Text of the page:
Even more concerning, when an executive’s problems stem from undetected or ignored psychological difficulties, coaching can actually make a bad situation worse.
His behavior was symptomatic of a sense of entitlement run amok.
It is not at all uncommon to find narcissists at the top of workplace hierarchies; before their character flaws prove to be their undoing, they can be very productive.
Roughly six months after Bernstein and Davis finished working together, Bernstein’s immediate boss left the business, and he was tapped to fill the position.
True to his history, Bernstein was soon embroiled in controversy.
The paradox of Bernstein’s circumstance was that working with his executive coach had only served to shield him from pain and his sense of grandiosity, as reflected in the feeling, “I’m so important that the boss paid for a special coach to help me.” Executive coaching further eroded Bernstein’s performance, as often occurs when narcissists avoid the truth.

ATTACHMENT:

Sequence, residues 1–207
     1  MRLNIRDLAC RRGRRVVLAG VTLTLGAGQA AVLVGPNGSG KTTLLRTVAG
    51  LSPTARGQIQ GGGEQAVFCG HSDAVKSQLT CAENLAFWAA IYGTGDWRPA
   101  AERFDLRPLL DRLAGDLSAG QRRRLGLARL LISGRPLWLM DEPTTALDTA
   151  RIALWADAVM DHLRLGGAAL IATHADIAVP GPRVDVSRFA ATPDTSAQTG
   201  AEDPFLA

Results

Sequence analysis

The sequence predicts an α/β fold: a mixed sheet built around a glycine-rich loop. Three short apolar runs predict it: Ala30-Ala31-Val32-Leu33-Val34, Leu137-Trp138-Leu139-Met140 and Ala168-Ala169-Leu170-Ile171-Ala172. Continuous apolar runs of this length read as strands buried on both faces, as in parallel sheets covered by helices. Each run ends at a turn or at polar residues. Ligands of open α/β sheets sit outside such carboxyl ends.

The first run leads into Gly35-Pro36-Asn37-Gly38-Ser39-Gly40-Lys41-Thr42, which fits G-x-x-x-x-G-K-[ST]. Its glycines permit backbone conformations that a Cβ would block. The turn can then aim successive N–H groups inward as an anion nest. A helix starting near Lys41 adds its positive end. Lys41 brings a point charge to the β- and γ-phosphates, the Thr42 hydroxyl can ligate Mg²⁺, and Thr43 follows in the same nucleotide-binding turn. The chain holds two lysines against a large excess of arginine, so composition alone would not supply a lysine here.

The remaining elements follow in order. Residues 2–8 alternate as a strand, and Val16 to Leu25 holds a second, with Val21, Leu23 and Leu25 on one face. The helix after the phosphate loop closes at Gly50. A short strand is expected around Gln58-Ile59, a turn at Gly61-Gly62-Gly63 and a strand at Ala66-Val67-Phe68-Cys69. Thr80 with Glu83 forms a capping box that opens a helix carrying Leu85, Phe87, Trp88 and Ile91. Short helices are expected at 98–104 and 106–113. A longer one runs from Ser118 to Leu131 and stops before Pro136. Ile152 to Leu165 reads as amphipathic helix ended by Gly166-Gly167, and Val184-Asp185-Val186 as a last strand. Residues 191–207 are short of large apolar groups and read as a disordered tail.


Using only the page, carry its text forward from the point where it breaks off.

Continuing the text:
My misgivings about executive coaching are not a clarion call for psychotherapy or psychoanalysis.Narcissists are driven to achieve, yet because they are so grandiose, they often end up negating all the good they accomplish.Not only do narcissists devalue those they feel are beneath them, but such self-involved individuals also readily disregard rules they are contemptuous of.No doubt these people help executives improve their performance in many areas. I believe that in an alarming number of situations, executive coaches who lack rigorous psychological training do more harm than good.By dint of their backgrounds and biases, they downplay or simply ignore deep-seated psychological problems they don’t understand.In this environment of quick fixes, psychotherapy has become marginalized.